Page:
setUp(), beforeAll(), and tearDown() are powerful methods that help you do common legwork before or after tests run. They help to stabilize state between tests, and remove redundant code by providing a single place for it to be executed. setUp() and tearDown() run before and after each test method in the test class. These are really useful if each test needs to assume some sort of initial state. Imagine you are testing a view that represents a form. Before each test, you want that form to be in a clean state. These methods can enable you to clean up, or set some intial state before each test runs.

beforeAll() and afterAll() run before or after all tests in a given test class. These are useful when a given test class contains tests for a certain view in the app, that isn’t the initial view of the app. Say you are trying to test the third view controller deep in a navigation stack. It would be appropriate in beforeAll() to navigate down the stack to the view to test, and then in afterAll() to pop back up to the root view for other tests to run.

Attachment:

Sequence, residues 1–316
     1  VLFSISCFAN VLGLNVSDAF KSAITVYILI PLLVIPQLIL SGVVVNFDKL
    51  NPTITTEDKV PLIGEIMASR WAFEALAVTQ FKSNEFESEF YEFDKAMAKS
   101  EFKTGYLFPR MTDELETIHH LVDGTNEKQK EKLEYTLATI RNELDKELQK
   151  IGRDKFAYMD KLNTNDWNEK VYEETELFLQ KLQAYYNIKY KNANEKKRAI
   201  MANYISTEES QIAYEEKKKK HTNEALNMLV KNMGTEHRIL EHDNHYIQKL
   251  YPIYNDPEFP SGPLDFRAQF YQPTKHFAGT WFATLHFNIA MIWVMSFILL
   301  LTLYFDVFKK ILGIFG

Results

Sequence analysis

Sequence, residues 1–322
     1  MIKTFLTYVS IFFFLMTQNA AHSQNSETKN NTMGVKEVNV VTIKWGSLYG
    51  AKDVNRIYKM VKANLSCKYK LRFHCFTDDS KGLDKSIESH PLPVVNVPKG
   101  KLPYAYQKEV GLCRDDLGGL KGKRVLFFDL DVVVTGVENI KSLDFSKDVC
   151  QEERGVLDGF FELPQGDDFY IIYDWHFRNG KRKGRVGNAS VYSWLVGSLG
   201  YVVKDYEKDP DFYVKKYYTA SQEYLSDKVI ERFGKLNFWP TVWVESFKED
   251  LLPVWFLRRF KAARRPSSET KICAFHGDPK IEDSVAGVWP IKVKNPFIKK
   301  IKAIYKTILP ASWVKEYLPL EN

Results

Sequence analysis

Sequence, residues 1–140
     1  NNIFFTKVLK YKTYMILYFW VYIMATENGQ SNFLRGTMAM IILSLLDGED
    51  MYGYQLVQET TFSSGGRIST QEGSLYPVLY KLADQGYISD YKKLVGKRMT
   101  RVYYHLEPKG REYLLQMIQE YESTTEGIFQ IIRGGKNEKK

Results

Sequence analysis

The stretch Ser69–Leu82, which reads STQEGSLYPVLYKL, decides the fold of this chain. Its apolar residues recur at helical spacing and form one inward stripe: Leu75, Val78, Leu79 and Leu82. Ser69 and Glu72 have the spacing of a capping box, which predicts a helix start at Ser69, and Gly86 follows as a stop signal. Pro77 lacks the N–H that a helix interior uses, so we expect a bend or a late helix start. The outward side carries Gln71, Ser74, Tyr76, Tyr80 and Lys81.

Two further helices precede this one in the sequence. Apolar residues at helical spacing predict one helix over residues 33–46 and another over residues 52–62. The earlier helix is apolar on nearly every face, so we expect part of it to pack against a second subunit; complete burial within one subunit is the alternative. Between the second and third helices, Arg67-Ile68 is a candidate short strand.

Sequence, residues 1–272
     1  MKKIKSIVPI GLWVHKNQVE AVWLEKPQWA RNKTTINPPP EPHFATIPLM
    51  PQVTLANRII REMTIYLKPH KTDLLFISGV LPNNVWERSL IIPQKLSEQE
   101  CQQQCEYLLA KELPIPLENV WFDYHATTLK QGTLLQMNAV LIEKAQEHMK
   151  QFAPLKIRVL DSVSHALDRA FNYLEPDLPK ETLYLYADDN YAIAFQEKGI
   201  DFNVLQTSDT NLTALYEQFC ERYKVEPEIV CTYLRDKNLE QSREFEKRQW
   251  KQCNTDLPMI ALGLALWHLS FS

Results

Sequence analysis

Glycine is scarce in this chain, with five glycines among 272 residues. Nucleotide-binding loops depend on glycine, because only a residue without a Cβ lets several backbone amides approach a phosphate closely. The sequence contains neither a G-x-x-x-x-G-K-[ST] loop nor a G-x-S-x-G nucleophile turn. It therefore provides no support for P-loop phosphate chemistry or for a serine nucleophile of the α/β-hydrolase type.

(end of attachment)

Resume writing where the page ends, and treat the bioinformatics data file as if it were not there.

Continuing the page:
This leads me to the next item in my KIF tips and tricks, some suggestions on how to break up your test classes.

Segmenting Your Tests